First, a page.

To ol' Musky Boy it may be BS, but to everyone else, it is the future.
Now scientists at the University of Technology Sydney have made a device made of atomically thin materials that will mean smaller circuits inside smartphones, laptops and computers in general than ever before. This latest development comes hot on the heels of University of Adelaide-led research bringing the world one step closer to reliable, high-performance quantum computing.
Maybe Elon should make another visit downunder.
Let's break down what our National Treasures have been up to, exactly.
Electronic chips and transistors inside most of our modern-day gadgets operate based on current flow. Since the invention of integrated circuits, and in order to achieve higher and better performance, the density of transistors has been increasing.
With existing technology, we can't really make these circuits any smaller. Using photonics (light) is one possible solution, but nanoscale building blocks (photonic crystals that act like tiny mirrors) need to be engineered to trap and steer the light at the nanoscale.
The new study from UTS shows for the first time that an atomically thin material can be used as a platform to build an integrated photonic device a thousand times smaller than a grain of sand. Now that's pretty small. That material, by the way, is hexagonal boron nitride - or hBN.
Dr Sejeong Kim, a physicist from the UTS Institute of Biomedical Materials and Devices (IBMD) says the research is a first step towards using photonics instead of electrons - solving the "bottle neck" of modern electronics.
The unique advantage of hBN is the ability to host quantum light sources – atomic impurities that emit only one photon at a time. These sources are a fundamental building block for quantum computers and quantum communications. But to find truly practicaluses for them, the emitters have to be integrated into photonic devices.
Until now, no one has been able to show this happening with atomic materials.
IBMD PhD candidate, Johannes Fröch says that the team had to invent a lot of the processing steps, since no other group has shown these devices from hBN before.
Meanwhile, in Adelaide, an international team has developed a ground-breaking single-electron "pump" which can produce one billion electrons per second, using quantum mechanics to control them one-by-one.
The pump is so precise they can use it to measure the limitations of current electronics equipment, paving the way for future quantum information processing uses - we're talking defence, cybersecurity and encryption, and big data analysis.
"This research puts us one step closer to the holy grail - reliable, high-performance quantum computing," says project leader Dr Giuseppe C Tettamanzi, Senior Research Fellow, at the University of Adelaide's Institute for Photonics and Advanced Sensing.
The researchers also reported observations of electron behaviour that's never been seen before. At specific frequencies, it turns out, there is competition between different states for the capture of the same electrons.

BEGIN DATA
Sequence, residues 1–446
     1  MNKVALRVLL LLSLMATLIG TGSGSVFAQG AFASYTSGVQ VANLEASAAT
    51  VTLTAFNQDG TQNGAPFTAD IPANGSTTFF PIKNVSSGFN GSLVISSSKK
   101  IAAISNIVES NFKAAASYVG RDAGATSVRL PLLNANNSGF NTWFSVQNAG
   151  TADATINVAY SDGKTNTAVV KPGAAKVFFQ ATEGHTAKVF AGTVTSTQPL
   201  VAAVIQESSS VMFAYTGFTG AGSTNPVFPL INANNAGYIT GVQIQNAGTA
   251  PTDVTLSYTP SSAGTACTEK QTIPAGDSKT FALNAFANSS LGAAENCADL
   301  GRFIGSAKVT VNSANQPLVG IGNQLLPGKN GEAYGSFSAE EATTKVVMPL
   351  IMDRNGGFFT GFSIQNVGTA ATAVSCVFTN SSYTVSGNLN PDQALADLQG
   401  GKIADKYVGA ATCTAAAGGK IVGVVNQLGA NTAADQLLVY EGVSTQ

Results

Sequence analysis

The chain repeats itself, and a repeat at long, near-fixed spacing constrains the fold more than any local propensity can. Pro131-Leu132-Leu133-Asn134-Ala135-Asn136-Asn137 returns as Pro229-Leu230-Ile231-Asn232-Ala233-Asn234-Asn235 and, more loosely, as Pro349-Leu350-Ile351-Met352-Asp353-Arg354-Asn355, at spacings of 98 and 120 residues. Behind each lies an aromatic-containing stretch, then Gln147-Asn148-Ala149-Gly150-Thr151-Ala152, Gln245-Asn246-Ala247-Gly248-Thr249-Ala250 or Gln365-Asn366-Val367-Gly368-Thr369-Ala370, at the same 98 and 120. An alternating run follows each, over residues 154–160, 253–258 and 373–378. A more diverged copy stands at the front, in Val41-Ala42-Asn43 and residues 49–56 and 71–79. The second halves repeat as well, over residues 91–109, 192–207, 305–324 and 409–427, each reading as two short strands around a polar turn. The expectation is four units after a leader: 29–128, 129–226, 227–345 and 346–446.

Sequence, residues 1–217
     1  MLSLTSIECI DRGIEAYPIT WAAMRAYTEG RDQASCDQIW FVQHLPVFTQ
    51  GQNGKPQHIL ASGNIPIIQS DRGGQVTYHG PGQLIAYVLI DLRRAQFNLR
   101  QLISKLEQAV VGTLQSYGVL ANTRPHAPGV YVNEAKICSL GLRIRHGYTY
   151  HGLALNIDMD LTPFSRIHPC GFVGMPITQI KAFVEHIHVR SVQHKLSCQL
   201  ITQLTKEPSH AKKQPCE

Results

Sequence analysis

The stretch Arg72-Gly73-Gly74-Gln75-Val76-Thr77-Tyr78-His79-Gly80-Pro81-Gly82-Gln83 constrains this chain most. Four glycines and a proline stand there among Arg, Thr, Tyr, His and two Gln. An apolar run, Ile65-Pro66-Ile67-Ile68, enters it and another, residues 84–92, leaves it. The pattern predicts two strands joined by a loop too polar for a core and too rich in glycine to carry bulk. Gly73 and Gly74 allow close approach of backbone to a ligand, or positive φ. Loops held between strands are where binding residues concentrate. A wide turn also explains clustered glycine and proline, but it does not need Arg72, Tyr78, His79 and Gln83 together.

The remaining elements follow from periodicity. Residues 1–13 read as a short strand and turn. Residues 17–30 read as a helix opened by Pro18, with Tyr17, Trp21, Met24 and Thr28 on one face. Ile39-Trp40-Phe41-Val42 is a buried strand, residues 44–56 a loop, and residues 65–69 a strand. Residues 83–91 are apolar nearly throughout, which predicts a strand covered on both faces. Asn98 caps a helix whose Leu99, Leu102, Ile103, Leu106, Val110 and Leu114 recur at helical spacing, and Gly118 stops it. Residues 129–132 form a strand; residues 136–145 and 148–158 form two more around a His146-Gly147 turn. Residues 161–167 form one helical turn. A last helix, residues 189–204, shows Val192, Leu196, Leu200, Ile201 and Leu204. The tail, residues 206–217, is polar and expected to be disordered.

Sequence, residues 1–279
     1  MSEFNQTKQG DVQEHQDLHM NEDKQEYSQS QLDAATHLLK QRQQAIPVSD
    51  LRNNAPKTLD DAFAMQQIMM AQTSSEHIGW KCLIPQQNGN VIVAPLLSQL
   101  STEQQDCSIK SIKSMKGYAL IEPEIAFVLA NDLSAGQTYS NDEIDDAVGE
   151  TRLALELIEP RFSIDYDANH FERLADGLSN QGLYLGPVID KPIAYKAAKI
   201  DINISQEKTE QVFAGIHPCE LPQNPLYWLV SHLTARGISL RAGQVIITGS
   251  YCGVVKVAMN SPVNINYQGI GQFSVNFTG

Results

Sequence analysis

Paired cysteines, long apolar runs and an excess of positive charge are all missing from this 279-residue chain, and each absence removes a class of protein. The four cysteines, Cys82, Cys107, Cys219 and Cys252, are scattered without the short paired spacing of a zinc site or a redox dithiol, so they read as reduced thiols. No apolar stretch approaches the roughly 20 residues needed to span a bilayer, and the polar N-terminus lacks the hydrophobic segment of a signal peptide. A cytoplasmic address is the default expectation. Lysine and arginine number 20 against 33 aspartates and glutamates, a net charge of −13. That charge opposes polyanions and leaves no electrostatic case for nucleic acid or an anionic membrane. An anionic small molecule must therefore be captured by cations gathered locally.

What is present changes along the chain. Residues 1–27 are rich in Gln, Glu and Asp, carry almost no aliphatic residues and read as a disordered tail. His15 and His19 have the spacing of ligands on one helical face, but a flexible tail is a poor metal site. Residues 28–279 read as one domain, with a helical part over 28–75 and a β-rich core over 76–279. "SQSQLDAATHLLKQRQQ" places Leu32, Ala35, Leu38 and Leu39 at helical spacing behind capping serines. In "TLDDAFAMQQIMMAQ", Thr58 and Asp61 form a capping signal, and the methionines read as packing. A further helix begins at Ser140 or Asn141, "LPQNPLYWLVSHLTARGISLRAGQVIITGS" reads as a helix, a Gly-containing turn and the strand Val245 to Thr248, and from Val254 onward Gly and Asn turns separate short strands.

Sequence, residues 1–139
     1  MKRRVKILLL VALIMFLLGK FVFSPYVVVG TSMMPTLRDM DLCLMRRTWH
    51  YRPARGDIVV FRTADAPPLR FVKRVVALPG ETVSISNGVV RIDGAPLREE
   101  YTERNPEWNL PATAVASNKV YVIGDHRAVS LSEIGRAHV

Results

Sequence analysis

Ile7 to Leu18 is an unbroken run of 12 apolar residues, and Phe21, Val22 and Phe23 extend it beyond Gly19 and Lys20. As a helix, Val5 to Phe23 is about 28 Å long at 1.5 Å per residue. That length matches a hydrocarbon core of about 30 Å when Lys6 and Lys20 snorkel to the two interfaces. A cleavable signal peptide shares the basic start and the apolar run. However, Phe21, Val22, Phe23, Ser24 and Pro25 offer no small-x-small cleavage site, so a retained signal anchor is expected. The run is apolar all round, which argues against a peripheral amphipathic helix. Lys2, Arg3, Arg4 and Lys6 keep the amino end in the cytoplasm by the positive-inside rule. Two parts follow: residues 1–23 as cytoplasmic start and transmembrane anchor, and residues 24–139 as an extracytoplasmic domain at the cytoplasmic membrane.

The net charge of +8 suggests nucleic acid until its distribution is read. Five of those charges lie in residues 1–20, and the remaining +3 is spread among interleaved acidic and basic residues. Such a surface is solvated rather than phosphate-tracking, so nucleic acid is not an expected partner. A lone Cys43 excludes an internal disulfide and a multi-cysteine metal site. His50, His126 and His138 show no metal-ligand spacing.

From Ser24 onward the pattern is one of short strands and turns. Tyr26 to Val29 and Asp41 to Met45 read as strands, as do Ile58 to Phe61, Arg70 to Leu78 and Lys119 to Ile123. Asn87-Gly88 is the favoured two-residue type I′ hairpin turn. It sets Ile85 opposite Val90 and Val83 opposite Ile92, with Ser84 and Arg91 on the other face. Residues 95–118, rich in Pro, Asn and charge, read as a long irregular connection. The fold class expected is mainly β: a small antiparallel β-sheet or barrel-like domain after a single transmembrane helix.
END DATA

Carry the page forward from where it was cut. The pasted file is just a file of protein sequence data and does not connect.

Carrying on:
But what does this even mean?
Quantum computing, or more broadly quantum information processing, will allow us to solve problems that just won't be possible under classical computing systems. It operates at a scale that's close to an atom and, at this scale, normal physics goes out the window and quantum mechanics comes into play.
To indicate its potential computational power, conventional computing works on instructions and data written in a series of 1s and 0s – think about it as a series of on and off switches. In quantum computing every possible value between 0 and 1 is available. The number of calculations that can be done simultaneously can be increased dramatically.
This University of Adelaide team, in collaboration with the University of Cambridge, Aalto University in Finland, University of New South Wales, and the University of Latvia, is working in an emerging field called electron quantum optics.
This involves controlled preparation, manipulation and measurement of single electrons. Although a considerable amount of work has been devoted world-wide to understand electronic quantum transport, there is much still to be understood and achieved.
"Achieving full control of electrons in these nano-systems will be highly beneficial for realistic implementation of a scalable quantum computer. We, of course, have been controlling electrons for the past 150 years, ever since electricity was discovered. But, at this small scale, the old physics rules can be thrown out," says Dr Tettamanzi.
"Our final goal is to provide a flow of electrons that's reliable, continuous and consistent – and in this research, we've managed to move a big step towards realistic quantum computing."